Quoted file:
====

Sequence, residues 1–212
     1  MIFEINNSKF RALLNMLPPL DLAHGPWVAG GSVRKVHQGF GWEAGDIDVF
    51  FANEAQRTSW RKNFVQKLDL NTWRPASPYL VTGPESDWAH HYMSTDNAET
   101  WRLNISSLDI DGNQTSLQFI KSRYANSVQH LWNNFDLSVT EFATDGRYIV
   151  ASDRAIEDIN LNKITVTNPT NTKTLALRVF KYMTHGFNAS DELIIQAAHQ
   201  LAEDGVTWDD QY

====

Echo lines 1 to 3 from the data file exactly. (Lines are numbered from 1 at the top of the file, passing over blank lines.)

Sequence, residues 1–212
     1  MIFEINNSKF RALLNMLPPL DLAHGPWVAG GSVRKVHQGF GWEAGDIDVF
    51  FANEAQRTSW RKNFVQKLDL NTWRPASPYL VTGPESDWAH HYMSTDNAET